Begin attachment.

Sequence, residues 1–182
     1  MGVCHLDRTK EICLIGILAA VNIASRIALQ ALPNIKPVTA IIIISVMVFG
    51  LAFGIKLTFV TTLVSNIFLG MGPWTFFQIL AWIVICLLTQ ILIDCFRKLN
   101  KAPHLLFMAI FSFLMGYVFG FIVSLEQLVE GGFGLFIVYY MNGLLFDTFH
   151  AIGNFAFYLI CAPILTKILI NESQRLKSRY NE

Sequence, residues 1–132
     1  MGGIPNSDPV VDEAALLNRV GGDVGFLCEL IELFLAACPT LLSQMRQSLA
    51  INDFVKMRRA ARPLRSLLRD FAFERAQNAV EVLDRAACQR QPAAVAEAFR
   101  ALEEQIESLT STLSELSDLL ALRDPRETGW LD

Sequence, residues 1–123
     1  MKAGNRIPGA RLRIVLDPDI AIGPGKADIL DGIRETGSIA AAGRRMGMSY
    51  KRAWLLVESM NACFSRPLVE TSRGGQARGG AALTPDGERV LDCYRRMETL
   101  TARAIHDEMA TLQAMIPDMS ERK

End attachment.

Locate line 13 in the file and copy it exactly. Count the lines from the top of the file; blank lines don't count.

   101  TARAIHDEMA TLQAMIPDMS ERK